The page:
Journal of Experimental Medicine

Gene expression profiling of B cell chronic lymphocytic leukemia reveals a homogeneous phenotype related to memory B cells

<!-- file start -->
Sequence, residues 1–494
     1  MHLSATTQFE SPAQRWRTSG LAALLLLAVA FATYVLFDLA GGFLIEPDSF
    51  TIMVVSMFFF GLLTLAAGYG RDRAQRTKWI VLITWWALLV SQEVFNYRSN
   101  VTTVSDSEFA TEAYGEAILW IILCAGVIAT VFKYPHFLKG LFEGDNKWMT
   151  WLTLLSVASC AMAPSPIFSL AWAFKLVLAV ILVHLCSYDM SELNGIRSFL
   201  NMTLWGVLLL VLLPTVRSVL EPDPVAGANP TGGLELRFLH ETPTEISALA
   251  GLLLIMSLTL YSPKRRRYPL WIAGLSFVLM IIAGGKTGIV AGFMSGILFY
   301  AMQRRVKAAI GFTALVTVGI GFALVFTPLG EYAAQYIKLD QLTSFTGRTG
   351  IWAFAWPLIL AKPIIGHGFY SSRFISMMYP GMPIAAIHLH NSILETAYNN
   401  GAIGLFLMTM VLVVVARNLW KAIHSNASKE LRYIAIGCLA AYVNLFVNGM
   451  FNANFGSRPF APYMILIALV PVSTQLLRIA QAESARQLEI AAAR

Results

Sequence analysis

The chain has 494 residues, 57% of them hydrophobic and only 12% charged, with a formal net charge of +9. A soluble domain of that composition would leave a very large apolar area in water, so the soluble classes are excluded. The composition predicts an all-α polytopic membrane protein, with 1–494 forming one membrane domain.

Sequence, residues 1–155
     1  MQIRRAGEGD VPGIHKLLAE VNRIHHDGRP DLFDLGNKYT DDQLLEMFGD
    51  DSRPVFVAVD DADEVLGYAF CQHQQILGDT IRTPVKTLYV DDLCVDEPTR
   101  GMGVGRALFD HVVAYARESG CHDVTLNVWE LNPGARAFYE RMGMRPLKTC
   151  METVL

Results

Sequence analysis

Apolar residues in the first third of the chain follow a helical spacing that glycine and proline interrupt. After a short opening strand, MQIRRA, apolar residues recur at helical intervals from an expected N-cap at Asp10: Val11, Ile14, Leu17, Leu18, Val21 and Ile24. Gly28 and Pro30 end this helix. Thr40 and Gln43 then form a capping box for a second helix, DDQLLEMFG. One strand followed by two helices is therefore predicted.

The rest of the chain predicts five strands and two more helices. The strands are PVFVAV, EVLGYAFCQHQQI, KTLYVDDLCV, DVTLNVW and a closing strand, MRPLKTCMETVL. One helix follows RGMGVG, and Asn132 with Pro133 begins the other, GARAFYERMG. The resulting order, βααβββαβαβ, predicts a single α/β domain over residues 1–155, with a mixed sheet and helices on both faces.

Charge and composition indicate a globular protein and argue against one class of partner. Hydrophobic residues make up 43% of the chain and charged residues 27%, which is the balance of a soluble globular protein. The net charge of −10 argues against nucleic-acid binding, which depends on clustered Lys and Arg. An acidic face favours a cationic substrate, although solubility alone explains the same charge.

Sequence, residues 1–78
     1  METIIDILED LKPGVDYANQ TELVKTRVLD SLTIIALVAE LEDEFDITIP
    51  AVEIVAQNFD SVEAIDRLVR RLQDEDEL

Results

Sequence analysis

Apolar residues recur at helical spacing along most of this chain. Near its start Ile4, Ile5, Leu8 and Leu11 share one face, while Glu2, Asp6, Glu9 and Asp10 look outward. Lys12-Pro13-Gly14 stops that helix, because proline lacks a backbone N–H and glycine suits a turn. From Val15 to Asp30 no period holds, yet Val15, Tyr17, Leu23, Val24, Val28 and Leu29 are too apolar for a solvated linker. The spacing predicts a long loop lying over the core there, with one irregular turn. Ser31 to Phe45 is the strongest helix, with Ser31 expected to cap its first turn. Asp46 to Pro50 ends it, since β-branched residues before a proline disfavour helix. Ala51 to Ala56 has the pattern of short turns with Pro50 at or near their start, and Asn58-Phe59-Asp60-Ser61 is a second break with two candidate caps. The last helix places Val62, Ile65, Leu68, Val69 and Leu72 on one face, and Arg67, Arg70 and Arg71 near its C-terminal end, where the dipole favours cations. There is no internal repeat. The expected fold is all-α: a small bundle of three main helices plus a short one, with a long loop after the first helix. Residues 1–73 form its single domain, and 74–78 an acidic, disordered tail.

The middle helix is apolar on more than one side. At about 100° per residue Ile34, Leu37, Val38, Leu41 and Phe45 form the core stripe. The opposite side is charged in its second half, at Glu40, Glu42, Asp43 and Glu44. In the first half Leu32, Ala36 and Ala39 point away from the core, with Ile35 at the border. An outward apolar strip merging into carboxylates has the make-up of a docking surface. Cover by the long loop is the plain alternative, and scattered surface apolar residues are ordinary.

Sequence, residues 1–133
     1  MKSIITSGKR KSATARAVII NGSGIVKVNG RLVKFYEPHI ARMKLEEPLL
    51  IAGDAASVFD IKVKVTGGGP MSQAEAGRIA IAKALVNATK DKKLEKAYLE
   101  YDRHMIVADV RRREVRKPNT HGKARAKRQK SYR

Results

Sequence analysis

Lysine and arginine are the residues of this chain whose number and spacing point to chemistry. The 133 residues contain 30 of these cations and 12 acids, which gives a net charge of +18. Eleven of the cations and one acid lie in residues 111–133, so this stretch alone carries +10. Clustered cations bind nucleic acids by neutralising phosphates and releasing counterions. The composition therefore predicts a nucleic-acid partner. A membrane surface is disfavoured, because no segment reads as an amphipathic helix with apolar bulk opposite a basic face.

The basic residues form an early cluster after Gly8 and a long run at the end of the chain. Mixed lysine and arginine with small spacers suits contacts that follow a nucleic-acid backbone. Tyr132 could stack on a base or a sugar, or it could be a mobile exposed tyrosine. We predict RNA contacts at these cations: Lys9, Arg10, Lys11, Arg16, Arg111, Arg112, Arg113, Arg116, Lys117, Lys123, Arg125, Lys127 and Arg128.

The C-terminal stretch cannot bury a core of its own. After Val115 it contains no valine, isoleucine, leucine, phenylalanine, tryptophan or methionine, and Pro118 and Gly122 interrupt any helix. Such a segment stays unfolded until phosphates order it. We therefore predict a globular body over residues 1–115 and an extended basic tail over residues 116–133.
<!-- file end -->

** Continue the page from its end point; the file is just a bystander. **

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B cell-derived chronic lymphocytic leukemia (B-CLL) represents a common malignancy whose cell derivation and pathogenesis are unknown. Recent studies have shown that > 50% of CLLs display hypermutated immunoglobulin variable region (IgV) sequences and a more favorable prognosis, suggesting that they may represent a distinct subset of CLLs which have transited through germinal centers (GCs), the physiologic site of IgV hypermutation. To further investigate the phenotype of CLLs, their cellular derivation and their relationship to normal B cells, we have analyzed their gene expression profiles using oligonucleotide -based DNA chip microarrays representative of ∼12,000 genes. The results show that CLLs display a common and characteristic gene expression profile that is largely independent of their IgV genotype. Nevertheless, a restricted number of genes (<30) have been identified whose differential expression can distinguish IgV mutated versus unmutated cases and identify them in independent panels of cases. Comparison of CLL profiles with those of purified normal B cell subpopulations indicates that the common CLL profile is more related to memory B cells than to those derived from naive B cells, CD5+ B cells, and GC centroblasts and centrocytes. Finally, this analysis has identified a subset of genes specifically expressed by CLL cells of potential pathogenetic and clinical relevance.